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A surprising number of blind African American singers came from the gospel tradition to influence not just sacred music, but blues, bluegrass, and popular music up to and beyond rock and roll. In addition to the Blind Boys and Ray Charles, lesser-known performers like Flora Molton—who survived by singing on the streets of Washington DC and became an anti-war activist–and Reverend Gary Davis whose “holy blues” influenced Ry Cooder and Bob Dylan made their contributions to American music. While their fans saw them as mystical, larger-than-life figures, these performers spent much of their energy just trying to survive in a sighted world.

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Mike McGonigal’s Crash Course On Sanctified Blues & Gospel

Mike McGonigal writes for the cheerfully irreverent Vice media empire, and in this article turns the brand’s characteristic disdain against German filmmaker Wim Wenders (Wings Of Desire) and his depiction of the intersection of religion and the blues. Wenders produced a short film for a Martin Scorsese’s PBS series “The Blues,” and in it portrays blues audiences reacting in sheer horror to Blind Willie Johnson playing a spiritual. McGonigal bluntly rejects this revisionist history and responds: “…the patrons of a juke joint… May 7, 2013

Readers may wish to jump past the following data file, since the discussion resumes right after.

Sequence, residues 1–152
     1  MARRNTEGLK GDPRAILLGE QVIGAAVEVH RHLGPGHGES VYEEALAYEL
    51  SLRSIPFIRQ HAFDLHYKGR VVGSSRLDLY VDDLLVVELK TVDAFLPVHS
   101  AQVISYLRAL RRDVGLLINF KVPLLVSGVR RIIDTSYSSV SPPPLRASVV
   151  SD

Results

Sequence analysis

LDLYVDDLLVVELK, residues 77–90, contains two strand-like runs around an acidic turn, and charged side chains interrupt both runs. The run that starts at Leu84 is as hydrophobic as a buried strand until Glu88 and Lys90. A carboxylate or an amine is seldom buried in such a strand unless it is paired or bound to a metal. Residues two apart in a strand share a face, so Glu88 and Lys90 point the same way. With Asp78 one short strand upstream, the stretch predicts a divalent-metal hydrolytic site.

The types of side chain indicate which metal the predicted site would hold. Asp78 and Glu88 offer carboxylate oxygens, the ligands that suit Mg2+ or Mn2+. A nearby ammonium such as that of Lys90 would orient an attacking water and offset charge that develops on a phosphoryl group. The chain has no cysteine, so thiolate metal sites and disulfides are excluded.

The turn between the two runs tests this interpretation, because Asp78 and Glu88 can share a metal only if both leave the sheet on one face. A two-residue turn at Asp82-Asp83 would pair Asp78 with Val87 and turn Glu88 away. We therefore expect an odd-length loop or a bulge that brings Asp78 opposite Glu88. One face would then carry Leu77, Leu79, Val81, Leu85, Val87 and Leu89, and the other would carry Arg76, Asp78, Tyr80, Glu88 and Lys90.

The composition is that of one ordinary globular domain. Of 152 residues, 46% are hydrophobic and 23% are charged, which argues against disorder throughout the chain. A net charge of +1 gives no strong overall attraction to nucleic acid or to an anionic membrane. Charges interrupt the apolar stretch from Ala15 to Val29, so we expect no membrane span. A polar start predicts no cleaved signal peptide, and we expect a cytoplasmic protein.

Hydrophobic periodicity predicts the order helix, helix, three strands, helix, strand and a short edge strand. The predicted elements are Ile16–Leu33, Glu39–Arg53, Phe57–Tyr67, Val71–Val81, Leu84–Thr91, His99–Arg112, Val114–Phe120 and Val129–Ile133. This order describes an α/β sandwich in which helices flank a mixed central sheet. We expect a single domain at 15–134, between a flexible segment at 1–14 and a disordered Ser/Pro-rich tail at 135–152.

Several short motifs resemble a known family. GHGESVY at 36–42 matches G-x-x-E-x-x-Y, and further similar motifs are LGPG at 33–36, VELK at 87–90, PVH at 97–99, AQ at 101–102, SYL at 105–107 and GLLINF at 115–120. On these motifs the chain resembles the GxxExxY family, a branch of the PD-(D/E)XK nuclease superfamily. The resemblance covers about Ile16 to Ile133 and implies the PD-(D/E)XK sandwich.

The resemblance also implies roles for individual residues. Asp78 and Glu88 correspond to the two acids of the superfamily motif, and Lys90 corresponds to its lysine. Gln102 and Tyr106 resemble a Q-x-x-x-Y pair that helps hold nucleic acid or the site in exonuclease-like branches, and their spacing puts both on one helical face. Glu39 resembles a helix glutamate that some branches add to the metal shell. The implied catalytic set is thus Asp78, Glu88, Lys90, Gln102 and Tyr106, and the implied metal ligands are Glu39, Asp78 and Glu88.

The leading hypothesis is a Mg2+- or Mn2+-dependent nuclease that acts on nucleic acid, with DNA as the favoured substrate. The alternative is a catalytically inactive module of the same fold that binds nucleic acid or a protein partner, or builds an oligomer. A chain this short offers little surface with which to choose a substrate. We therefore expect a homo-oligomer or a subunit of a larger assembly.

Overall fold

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Blind Joe Taggart and the Gospel Industry

This fascinating article (by Goldminemag.com’s Mike Greenblatt) on a rare Blind Joe Taggart gospel record probes the use of “blind” in promoting gospel music in the 1920s. Taggart’s wildly rare “14th Street Blues” recording was released under the name Blind Percy And His Blind Band. The unmistakable vocals of the blues icon raises the question of not only why Taggart took on a pseudonym (to avoid religious condemnation for making the devil’s music?) and if indeed the band accompanying him was blind. The… April 29, 2013

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Neurologists Examine Perfect Pitch Among Blind Musicians

Doctors from the Neurology department of Boston’s Beth Israel Deaconess Medical Center explore the the phenomenon of perfect pitch in blind musicians in this article from NeuroReport Magazine . Turns out, the perception that blind musicians have some kind of supernatural power explored in Heavenly Sight is backed up by cold hard science! 57% of the blind musicians studied had perfect pitch, which is staggering compared with only 20% of all musicians.

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